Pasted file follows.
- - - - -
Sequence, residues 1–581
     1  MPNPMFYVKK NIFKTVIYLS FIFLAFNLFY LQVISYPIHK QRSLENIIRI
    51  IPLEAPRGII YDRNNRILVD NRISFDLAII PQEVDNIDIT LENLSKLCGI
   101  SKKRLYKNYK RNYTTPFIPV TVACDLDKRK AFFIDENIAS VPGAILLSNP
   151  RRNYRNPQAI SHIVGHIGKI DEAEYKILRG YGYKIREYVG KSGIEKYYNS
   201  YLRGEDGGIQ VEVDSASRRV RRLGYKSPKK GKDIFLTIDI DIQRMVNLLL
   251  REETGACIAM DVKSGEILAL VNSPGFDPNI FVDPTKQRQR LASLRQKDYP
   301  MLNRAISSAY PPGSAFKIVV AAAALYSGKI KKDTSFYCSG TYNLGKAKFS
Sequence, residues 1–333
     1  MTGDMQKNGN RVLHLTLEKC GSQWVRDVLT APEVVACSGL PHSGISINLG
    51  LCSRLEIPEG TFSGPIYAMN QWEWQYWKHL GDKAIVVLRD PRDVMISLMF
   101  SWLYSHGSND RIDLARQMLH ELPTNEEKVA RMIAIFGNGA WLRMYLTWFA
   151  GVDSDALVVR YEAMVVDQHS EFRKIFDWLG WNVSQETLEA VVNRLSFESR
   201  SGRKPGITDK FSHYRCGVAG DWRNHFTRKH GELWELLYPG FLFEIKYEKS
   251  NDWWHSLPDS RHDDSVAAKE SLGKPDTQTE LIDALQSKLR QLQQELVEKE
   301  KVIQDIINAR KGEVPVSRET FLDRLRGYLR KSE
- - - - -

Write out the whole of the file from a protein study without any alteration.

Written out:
Sequence, residues 1–581
     1  MPNPMFYVKK NIFKTVIYLS FIFLAFNLFY LQVISYPIHK QRSLENIIRI
    51  IPLEAPRGII YDRNNRILVD NRISFDLAII PQEVDNIDIT LENLSKLCGI
   101  SKKRLYKNYK RNYTTPFIPV TVACDLDKRK AFFIDENIAS VPGAILLSNP
   151  RRNYRNPQAI SHIVGHIGKI DEAEYKILRG YGYKIREYVG KSGIEKYYNS
   201  YLRGEDGGIQ VEVDSASRRV RRLGYKSPKK GKDIFLTIDI DIQRMVNLLL
   251  REETGACIAM DVKSGEILAL VNSPGFDPNI FVDPTKQRQR LASLRQKDYP
   301  MLNRAISSAY PPGSAFKIVV AAAALYSGKI KKDTSFYCSG TYNLGKAKFS
Sequence, residues 1–333
     1  MTGDMQKNGN RVLHLTLEKC GSQWVRDVLT APEVVACSGL PHSGISINLG
    51  LCSRLEIPEG TFSGPIYAMN QWEWQYWKHL GDKAIVVLRD PRDVMISLMF
   101  SWLYSHGSND RIDLARQMLH ELPTNEEKVA RMIAIFGNGA WLRMYLTWFA
   151  GVDSDALVVR YEAMVVDQHS EFRKIFDWLG WNVSQETLEA VVNRLSFESR
   201  SGRKPGITDK FSHYRCGVAG DWRNHFTRKH GELWELLYPG FLFEIKYEKS
   251  NDWWHSLPDS RHDDSVAAKE SLGKPDTQTE LIDALQSKLR QLQQELVEKE
   301  KVIQDIINAR KGEVPVSRET FLDRLRGYLR KSE